State-breds account for roughly half the starters in California Thoroughbred racing and, on average, 2.5 races for Cal-breds are carded for each program. That underscores the importance of a resurgence in local breeding.

“We’d be in big trouble without them,” Morris said.

California Chrome’s success has certainly had a big impact on his sire, 13-year-old Lucky Pulpit.

Lucky Pulpit led the California freshman sire list in 2010 despite being represented by only 10 runners. The Harris Farms stallion has just 99 foals in his first four crops of racing age but has 62 juveniles coming to the track this year, the progeny of mares attracted by the stallion’s early success with multiple stakes winners such as Luckarack ($535,545 in earnings) and Rousing Sermon ($735,092 in earnings, eighth in 2012 Kentucky Derby) in his first two crops.

Lucky Pulpit has been a very popular stallion in the past several years,” said Dave McGlothlin, horse division general manager at Harris Farms. “He had a book of 70 mares two years ago, 114 last year. He’s gotten good support from California breeders.”

Lucky Pulpit is currently leading the California general sire list, and that sort of success means he’s due for an upgrade. Standing as the property of Larry Williams, he came into the 2014 season with a $2,500 stud fee but that was bumped to $10,000 for his final 14 matings of the year. A decision on his fee for 2015 is likely to be made in September or October, McGlothlin said, but his top-end book will likely remain at 125 mares.

Dan Kiser, manager of the racing and breeding program for Larry and Marianne Williams at their farm in Parma, ID, about 45 miles west of Boise, says he hopes Lucky Pulpit doesn’t get too big for California. Williams has supported his stallion with a number of his own mares and has taken advantage of the state’s lucrative incentive program.

“I’m sure Mr. Williams has talked to some people about possibly moving him out of California,” he said of the son of Pulpit. “But we would love to stay in California with him if we possibly can. Harris Ranch has done such a great job of promoting him.”

Lucky Pulpit has moved to the head of a California sire list that is in transition. Longtime leaders such as In Excess and Bertrando have died, and others such as Benchmark and Cee’s Tizzy are pensioned. While Unusual Heat, at 24, remains amazingly fertile at Harris, according to McGlothlin, the industry suffered a blow shortly before the Kentucky Derby when Tribal Rule died of a heart attack.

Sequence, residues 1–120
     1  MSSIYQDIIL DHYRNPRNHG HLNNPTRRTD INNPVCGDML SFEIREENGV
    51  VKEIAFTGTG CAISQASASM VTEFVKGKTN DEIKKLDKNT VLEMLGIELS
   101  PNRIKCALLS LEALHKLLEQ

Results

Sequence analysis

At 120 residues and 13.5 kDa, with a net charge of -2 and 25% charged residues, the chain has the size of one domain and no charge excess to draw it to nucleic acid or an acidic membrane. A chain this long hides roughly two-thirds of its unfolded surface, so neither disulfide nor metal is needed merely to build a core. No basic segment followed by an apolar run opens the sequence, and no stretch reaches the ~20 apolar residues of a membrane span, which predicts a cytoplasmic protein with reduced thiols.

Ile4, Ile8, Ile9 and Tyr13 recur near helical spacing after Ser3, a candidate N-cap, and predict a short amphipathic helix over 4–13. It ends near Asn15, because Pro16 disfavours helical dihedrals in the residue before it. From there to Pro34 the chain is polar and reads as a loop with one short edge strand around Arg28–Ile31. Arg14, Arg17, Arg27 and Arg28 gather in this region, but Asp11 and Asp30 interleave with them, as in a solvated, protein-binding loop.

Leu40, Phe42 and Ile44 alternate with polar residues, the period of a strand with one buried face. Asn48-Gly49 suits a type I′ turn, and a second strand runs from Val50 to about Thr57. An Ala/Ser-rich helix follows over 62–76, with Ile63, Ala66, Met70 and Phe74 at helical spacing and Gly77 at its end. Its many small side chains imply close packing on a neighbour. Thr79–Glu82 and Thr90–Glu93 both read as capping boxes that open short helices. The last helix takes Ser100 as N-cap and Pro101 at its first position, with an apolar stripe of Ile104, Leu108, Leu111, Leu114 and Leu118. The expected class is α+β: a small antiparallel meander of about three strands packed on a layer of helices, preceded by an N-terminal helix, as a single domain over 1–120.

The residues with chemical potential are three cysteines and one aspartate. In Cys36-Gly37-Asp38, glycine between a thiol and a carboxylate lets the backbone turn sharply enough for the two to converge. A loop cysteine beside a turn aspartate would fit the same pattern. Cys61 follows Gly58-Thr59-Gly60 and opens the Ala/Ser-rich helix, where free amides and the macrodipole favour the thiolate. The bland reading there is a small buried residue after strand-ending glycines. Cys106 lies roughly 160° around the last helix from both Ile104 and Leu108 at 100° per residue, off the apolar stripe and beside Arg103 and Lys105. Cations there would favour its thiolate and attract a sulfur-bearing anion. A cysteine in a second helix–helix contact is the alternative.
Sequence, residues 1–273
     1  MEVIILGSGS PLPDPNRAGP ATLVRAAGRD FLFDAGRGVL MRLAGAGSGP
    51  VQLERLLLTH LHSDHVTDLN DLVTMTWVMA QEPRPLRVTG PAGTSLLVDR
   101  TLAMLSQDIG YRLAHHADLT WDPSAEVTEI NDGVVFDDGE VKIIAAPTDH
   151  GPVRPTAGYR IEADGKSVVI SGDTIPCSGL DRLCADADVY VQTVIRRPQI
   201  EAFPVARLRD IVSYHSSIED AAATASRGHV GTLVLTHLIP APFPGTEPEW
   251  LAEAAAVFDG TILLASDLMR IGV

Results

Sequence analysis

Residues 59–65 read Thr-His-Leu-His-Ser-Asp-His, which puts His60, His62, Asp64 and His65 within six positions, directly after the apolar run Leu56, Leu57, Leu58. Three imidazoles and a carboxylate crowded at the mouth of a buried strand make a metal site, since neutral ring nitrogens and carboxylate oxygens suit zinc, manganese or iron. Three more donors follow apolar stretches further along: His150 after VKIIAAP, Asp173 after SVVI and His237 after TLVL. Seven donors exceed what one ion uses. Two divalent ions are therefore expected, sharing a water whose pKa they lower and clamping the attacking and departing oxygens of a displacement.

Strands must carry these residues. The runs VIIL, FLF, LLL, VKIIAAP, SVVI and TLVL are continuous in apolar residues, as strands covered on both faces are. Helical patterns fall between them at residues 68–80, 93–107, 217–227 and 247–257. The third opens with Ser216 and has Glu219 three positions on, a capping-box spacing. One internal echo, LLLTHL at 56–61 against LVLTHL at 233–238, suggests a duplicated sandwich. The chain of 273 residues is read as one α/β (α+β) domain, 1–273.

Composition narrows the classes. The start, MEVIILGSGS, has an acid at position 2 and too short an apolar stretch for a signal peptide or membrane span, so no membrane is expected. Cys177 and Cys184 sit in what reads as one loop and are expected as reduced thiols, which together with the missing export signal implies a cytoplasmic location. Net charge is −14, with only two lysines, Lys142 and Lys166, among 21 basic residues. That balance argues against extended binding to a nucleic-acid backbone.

In their place could be new sires such as Coil, Richard’s Kid, Eddington, and Smiling Tiger.

Traditionally, California stallions offer many of the same bloodlines as their Kentucky brethren, but at a much lower fee. Before launching into horse breeding, Perry Martin—California Chrome’s co-owner and breeder—methodically studied nicks and possible combinations offered by California sires for his only mare, Love The Chase.

Despite most descriptions of California Chrome’s humble mother, she had some class. A Maryland-bred daughter of Not for Love  , Love the Chase was purchased for $30,000 at the 2008 Fasig-Tipton Midlantic 2-Year-Olds Sale by trainer Greg Gilchrist for the Blinkers On Syndicate. As members of the syndicate, Martin and Coburn each purchased a 5% share in the filly.

But Love the Chase had issues that kept her from reaching her potential on the track, Martin said. She had breathing problems due to an entrapped epiglottis. She panicked in the paddock before races. She was small.

At Golden Gate Fields, she reached the pinnacle of her six-race career when she won a $8,000 maiden claimer. After she made two lackluster starts versus winners, Martin and Coburn each had the same idea: Buy her and breed her. They became partners and purchased Love the Chase from the syndicate for $8,000.

In her pedigree, Love the Chase has the great mare Numbered Account on both sides, Martin noted. Coincidentally, Numbered Account is a granddaughter of Swaps, the 1955 Kentucky Derby winner and a Cal-bred. Her bloodlines also include Mr. Prospector, Northern Dancer, Danzig and Sir Ivor.

On the sire side, Martin really likes sons of Pulpit; their pedigrees exude so much class, he said. As a son of Pulpit, Lucky Pulpit traces back to A.P.Indy, Seattle Slew and Secretariat. On the dam’s side, this California stallion boasts some turf potential in Cozzene.

Martin felt confident that his first attempt at breeding would produce a horse that could get distance and maybe have a future on turf, too. So far, California Chrome keeps proving him right.